Thalassemia - Basic

KonectHealth Team
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thalasemia
anemia
hemoglobin electrophoresis

What is thalassemia?

Thalassemia is an inherited blood disorder in which the body makes an abnormal form of hemoglobin. Hemoglobin is the protein molecule in red blood cells that carries oxygen.

The disorder results in excessive destruction of red blood cells, which leads to anemia. Anemia is a condition in which your body doesn’t have enough normal, healthy red blood cells.

What are the symptoms of thalassemia?

The symptoms of thalassemia can vary. Some of the most common ones include:

• bone deformities, especially in the face

• dark urine

• delayed growth and development

• excessive tiredness and fatigue

• yellow or pale skin

What causes thalassemia?

Thalassemia occurs when there’s an abnormality or mutation in one of the genes involved in hemoglobin production. You inherit this genetic defect from your parents.

If only one of your parents is a carrier for thalassemia, you may develop a form of the disease known as thalassemia minor. If this occurs, you probably won’t have symptoms, but you’ll be a carrier of the disease. Some people with thalassemia minor do develop minor symptoms.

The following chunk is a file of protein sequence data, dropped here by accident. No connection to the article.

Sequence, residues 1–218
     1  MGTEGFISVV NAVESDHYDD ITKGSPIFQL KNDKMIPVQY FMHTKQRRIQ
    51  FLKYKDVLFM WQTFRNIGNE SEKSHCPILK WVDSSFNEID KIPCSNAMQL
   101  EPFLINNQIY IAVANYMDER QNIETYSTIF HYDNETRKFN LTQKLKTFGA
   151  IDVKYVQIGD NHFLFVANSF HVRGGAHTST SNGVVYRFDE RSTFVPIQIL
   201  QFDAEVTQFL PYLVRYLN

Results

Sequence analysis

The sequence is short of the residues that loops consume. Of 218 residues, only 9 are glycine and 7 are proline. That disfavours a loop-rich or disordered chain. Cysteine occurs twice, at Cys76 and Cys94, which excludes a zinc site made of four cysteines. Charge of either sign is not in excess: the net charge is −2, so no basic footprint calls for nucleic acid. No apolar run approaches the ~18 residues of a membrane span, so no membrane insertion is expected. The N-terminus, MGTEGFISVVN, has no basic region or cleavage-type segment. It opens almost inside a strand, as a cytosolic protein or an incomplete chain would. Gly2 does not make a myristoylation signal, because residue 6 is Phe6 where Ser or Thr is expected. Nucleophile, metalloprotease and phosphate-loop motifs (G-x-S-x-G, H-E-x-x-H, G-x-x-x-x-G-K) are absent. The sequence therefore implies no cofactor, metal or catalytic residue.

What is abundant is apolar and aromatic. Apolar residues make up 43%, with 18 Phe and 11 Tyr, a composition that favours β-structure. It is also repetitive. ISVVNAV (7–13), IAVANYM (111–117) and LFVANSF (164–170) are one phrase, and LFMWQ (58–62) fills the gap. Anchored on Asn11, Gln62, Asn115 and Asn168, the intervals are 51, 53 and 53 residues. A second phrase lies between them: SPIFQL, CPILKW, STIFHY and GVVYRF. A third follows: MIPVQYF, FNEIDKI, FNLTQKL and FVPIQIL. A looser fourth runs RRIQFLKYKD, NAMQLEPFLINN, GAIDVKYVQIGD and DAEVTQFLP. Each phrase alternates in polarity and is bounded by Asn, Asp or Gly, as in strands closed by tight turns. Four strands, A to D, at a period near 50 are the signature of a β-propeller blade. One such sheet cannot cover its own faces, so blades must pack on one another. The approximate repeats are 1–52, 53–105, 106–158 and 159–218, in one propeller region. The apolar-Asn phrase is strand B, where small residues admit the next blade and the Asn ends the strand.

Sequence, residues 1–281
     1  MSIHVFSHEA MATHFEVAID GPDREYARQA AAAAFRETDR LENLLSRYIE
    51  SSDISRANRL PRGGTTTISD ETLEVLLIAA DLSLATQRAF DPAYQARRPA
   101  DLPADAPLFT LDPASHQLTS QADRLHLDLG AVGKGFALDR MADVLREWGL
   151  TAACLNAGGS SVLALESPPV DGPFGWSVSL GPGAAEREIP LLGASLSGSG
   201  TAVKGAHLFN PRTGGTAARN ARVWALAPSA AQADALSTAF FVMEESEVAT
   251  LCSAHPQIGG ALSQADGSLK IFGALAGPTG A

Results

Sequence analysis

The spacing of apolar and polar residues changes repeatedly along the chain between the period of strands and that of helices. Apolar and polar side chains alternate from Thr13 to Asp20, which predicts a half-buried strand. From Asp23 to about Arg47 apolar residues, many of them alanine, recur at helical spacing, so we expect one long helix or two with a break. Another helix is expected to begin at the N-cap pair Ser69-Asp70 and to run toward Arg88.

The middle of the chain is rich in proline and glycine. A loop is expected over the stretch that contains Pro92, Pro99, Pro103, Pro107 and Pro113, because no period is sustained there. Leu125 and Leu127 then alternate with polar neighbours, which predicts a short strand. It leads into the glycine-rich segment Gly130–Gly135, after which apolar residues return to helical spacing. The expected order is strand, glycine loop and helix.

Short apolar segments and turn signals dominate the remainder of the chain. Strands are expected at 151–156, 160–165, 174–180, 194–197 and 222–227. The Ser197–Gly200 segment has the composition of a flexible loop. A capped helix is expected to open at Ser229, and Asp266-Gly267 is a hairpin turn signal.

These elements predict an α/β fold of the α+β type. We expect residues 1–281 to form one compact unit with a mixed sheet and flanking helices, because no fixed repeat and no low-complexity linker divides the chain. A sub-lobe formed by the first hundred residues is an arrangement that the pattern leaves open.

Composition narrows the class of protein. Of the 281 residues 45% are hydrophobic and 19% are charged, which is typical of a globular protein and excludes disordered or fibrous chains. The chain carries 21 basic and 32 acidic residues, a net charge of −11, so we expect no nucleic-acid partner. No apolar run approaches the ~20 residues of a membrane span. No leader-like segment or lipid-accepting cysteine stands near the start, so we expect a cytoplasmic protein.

If both of your parents are carriers of thalassemia, you have a greater chance of inheriting a more serious form of the disease.

What are the different types of thalassemia?

There are three main types of thalassemia (and four subtypes):

• beta thalassemia, which includes the subtypes major and intermedia

• alpha thalassemia, which include the subtypes hemoglobin H and hydrops fetalis

• thalassemia minor

How is thalassemia diagnosed?

By a test known as haemoglobin electrophoresis.

What are the treatment options for thalassemia?

Some of the treatments include:

• blood transfusions

• bone marrow transplant

• medications and supplements

• possible surgery to remove the spleen or gallbladder